Black soldiers have been portrayed or ignored by mainstream history. Yet, they have been at the center of every American military saga since Crispus Attacks drew the unfortunate distinction of being the first American killed in the Revolutionary War. This photo set tries to reverse that erasure.
Big up to the ancestors
In a country where many girls are still discouraged from going to school, Sushma Verma is having anything but a typical childhood.
The 13-year-old girl from a poor family in north India has enrolled in a master’s degree in microbiology, after her father sold his land to pay for some of his daughter’s tuition in the hope of catapulting her into India’s growing middle class.
Verma finished high school at 7 and earned an undergraduate degree at age 13 — milestones she said were possible only with the sacrifices and encouragement of her uneducated and impoverished parents.
“They allowed me to do what I wanted to do,” Verma said in an interview, speaking her native language of Hindi. “I hope that other parents don’t impose their choices on their children.” (AP Photo/Rajesh Kumar Singh)
It’s my hope that in the future, women of color will be able to forge careers in STEM without the necessity of sacrifices or financial hardship. Sushma Verma’s accomplishments can hopefully light our way forward.
Meet Jedidah Isler
She is the first black woman to earn a PhD in astronomy from Yale University.
As much as she loves astrophysics, Isler is very aware of the barriers that still remain for young women of color going into science. “It’s unfortunately an as-yet-unresolved part of the experience,” she says. She works to lower those barriers, and also to improve the atmosphere for women of color once they become scientists, noting that “they often face unique barriers as a result of their position at the intersection of race and gender, not to mention class, socioeconomic status and potentially a number of other identities.”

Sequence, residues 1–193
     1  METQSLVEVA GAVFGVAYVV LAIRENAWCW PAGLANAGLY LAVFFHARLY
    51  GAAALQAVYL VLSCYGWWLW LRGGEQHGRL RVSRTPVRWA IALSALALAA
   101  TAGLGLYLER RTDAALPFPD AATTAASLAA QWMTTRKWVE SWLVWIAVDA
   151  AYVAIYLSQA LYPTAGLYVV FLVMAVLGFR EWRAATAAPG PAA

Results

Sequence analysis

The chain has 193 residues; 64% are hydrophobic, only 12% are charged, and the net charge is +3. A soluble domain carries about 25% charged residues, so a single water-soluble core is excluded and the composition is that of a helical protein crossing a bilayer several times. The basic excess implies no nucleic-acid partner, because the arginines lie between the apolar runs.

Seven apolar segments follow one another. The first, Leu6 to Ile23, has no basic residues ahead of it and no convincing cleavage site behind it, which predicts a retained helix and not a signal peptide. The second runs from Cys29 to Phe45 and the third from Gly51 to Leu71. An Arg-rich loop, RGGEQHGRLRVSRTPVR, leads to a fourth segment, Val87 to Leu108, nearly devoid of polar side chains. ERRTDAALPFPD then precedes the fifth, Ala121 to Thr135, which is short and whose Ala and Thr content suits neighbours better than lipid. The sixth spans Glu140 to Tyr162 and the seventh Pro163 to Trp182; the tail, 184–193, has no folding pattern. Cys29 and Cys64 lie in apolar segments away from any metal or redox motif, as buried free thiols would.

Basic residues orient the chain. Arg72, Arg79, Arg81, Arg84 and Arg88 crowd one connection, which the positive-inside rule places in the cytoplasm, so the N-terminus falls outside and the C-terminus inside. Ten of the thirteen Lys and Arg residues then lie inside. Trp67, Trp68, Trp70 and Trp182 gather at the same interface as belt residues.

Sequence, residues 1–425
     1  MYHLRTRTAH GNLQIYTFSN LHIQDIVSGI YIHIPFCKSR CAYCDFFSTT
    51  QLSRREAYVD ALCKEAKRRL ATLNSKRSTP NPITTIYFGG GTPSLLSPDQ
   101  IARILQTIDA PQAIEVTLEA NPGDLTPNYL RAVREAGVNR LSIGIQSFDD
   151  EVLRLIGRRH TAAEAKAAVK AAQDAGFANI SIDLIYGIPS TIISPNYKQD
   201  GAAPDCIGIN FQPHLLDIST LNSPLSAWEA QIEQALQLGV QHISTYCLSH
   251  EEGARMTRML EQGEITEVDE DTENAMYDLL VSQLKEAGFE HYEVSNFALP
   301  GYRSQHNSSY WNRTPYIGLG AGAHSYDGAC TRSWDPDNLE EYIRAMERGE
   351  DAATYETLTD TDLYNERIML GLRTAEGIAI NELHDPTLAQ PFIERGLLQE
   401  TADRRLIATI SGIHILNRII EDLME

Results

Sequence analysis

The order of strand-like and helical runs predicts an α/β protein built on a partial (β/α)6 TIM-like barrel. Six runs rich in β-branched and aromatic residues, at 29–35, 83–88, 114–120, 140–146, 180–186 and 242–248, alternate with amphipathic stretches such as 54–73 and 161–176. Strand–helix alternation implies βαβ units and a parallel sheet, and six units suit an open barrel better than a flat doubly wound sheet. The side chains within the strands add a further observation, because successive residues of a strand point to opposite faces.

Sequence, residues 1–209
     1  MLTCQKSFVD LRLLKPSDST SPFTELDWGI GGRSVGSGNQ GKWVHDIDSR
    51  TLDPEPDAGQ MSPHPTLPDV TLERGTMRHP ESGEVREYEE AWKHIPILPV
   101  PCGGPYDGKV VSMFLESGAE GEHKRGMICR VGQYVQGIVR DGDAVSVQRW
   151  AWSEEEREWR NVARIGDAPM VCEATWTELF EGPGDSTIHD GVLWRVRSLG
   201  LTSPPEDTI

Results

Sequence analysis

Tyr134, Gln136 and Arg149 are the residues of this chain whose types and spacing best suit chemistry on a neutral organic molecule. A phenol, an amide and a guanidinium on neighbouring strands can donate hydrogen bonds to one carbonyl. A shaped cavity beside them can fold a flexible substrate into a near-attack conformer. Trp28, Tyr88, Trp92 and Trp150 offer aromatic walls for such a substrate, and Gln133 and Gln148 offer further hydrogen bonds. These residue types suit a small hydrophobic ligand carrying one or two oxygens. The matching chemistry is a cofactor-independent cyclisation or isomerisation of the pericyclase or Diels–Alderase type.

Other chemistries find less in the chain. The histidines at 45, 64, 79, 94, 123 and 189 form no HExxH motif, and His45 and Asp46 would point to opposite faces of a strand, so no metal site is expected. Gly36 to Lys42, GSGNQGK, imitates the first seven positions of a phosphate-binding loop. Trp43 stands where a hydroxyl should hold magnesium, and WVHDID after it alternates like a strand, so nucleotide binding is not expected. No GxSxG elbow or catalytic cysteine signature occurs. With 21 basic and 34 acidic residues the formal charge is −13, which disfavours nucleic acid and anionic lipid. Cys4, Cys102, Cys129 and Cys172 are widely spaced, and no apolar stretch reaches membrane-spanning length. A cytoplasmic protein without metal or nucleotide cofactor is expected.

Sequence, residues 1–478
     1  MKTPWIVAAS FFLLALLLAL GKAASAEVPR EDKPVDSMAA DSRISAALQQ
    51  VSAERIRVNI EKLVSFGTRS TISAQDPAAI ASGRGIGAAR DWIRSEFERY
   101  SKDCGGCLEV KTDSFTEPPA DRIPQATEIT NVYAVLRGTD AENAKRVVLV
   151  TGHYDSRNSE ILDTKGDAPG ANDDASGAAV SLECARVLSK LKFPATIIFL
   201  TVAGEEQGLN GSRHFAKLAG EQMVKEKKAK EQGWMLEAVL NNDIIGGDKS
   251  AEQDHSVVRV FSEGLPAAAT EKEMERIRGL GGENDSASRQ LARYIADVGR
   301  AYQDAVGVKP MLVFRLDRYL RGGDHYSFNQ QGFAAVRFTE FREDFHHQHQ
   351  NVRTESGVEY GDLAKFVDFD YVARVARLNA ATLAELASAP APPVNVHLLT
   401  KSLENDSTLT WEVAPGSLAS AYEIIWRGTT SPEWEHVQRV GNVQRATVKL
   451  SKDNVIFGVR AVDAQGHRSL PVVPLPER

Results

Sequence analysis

While Isler recounts instances of overt racial and gender discrimination that are jaw-dropping, she says more subtle things happen more often. Isler works with the American Astronomical Society’s commission on the status of minorities in astronomy.
She also believes that while things will improve as more women of color enter the sciences, institutions must lead the way toward creating positive environments for diverse student populations. That is why she is active in directly engaging young women of color: for example participating in a career exploration panel on behalf of the Women’s Commission out of the City of Syracuse Mayor’s Office, meeting with high-achieving middle-school girls. She is also on the board of trustees at the Museum of Science and Technology (MOST).
“Whether I like it or not, I’m one of only a few women of color in this position,” she says. “Addressing these larger issues of access to education and career exploration are just as important as the astrophysical work that I do.”
hey wanna fuck or just slap that fucking ass all day?
Stop adding your stupid fucking captions and links to my pictures you disrespectful assholes. You’re not funny, amusing or smart. And none of you dipshits would ever have the balls to say or do ANY of this shit in real life.
A Millennium After Inventing the Game, the Iroquois Are Lacrosse’s New Superpower
Competing as their own national team, the tribe medaled for their first time in the world championship, but not without controversy. Whites said using traditional sticks was cheating.
By and large, American team sports are physically destructive affairs. Playing and practicing any sport at an elite level leaves in its wake broken bones, shredded ligaments and neuronal death. Even weightlifting demands the constant breaking down of muscle fibers.